10. ^ "Report: US finds mineral riches in Afghanistan"
  11. ^ Farmer, Ben (June 17, 2010). "Afghanistan claims mineral wealth is worth $3trillion". The Daily Telegraph (London). http://www.telegraph.co.uk/news/worldnews/asia/afghanistan/7835657/Afghanistan-claims-mineral-wealth-is-worth-3trillion.html. 
  12. ^ http://www.thisislondon.co.uk/standard-business/article-23846066-afghanistan-minerals-may-be-worth-pound-3-trillion.do
  13. ^ http://news.xinhuanet.com/english2010/world/2010-06/17/c_13355272.htm
  14. ^ U.S. Identifies Vast Mineral Riches in Afghanistan
  15. ^ "Afghanistan's Buried Riches." Sarah Simpson. Scientific American, October 2011, pp. 42-49.
  16. ^ Non-Fuel Mineral Resource Assessment of Afghanistan 2007
  17. ^ "Afghan President offers mineral resources to Japan"
  18. ^ Kogel, Jessica Elzea (2006). "Lithium". Industrial minerals & rocks: commodities, markets, and uses. Littleton, Colo.: Society for Mining, Metallurgy, and Exploration. pp. 599. ISBN 9780873352338. http://books.google.com/books?id=zNicdkuulE4C&pg=PA600&lpg=PAPA599. )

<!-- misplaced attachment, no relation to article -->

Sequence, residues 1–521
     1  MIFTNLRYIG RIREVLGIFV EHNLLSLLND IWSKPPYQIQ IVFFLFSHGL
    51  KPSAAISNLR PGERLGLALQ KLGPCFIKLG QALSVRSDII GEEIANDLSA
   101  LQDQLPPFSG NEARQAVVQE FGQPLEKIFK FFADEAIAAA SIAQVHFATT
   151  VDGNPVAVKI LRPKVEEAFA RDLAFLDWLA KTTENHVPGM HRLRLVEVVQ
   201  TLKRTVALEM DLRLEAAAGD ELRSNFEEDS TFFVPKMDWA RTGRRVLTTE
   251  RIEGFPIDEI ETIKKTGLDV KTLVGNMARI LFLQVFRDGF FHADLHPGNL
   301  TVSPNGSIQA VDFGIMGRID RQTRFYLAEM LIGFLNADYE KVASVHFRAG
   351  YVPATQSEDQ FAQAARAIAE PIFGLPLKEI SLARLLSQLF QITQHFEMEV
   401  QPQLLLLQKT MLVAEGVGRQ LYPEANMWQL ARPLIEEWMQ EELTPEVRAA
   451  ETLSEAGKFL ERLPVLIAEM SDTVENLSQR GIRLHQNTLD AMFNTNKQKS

19. ^ "Afghanistan Invites Firms to Develop Mines"
  20. ^ Huge rare-earth material in Helmand: USGS. By Lalit K Jha for Pajhwok Afghan News. September 15, 2011.
  21. ^ Richard Lardner China taps huge copper reserves in Afghanistan Oct 31, 2009 Associated Press
  22. ^ . http://www.forbes.com/feeds/ap/2011/02/13/general-as-afghanistan-mineral-dreams-glance_8305964.html. [dead link]
  23. ^ Afghanistan's New Oil Discovery Could Increase Its Reserves By Tenfold
  24. ^ Afghanistan Oil Mining
  25. ^ Energy Statistics; Oil; consumption; Afghanistan (historical data)